“The Books of Magic makes The Lord of the Rings, The Avengers, Harry Potter, and even Twilight all look like entries in the same broad genre of tween-superhero fantasy, in which someone insignificant gets mighty powers, fights the forces of evil, and ultimately triumphs. …The pop culture landscape starts to look like an endless row of Tim Hunters, the same successful formula applied again and again.” From The Atlantic, a look at how Neil Gaiman‘s The Books of Magic prefigured the runaway success of Harry Potter and the modern YA fantasy-adventure craze.
Okay, so earlier this week I mentioned Emily Nussbaum's excellent profile of Lena Dunham for New York Magazine. Now Lorrie Moore's written one too, for The New Yorker blog. The short piece, as you might imagine, is a near perfect meeting of author and subject; who could be better at writing about Girls?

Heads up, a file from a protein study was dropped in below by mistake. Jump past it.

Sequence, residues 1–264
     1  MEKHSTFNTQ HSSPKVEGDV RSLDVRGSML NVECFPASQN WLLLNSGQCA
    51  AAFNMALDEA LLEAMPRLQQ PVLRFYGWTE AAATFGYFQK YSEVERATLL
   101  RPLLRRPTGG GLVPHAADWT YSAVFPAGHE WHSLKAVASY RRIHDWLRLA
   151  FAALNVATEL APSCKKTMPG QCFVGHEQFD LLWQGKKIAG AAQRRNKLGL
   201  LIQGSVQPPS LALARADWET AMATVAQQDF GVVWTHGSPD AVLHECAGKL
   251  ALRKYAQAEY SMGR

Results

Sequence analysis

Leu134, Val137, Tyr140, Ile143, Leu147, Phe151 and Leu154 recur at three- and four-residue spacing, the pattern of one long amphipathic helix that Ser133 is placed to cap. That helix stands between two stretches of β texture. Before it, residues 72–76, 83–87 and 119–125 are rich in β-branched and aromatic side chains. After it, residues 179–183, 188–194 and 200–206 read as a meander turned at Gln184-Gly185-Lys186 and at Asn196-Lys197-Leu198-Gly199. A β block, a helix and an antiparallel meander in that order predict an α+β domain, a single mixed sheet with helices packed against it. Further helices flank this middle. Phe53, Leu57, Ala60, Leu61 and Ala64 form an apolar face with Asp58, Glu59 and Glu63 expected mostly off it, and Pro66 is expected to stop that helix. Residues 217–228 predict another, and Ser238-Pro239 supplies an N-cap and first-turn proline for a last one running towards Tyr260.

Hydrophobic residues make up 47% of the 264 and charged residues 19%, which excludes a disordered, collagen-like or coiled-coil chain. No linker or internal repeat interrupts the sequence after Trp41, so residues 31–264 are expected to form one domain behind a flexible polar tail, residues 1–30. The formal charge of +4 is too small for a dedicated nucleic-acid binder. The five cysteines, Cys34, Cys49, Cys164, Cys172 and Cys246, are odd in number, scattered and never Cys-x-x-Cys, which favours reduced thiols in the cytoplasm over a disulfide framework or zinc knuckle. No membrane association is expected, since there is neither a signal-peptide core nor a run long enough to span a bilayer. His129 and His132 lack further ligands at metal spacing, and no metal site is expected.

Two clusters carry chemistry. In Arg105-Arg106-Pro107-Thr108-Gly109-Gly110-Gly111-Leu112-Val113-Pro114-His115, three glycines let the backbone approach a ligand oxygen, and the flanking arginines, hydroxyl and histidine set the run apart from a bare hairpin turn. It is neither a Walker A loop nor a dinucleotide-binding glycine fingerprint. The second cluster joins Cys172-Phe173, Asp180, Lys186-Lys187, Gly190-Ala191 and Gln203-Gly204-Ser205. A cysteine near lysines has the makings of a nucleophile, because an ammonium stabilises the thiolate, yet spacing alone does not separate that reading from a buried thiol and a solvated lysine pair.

“Perhaps I will just go underground and live a quiet life of desperation. I’ve heard mumblings about a place called ‘Social Media Manager.’ It seems like a nice place where all people my age go for a while. Just until things start to make sense again.” Nobody knows the throes of existential angst quite like a twenty-something. Here’s a plea for help from one such twenty-something over at McSweeney’s.
“Neither for the first nor last time in his life, Orwell was the brilliant loner who saw what others around him failed to notice.” Adam Hochschild writes on Orwell’s Homage to Catalonia and his unique perspective on fighting in the Spanish Civil War. Vishwas Gaitonde takes us to Orwell’s first home in India.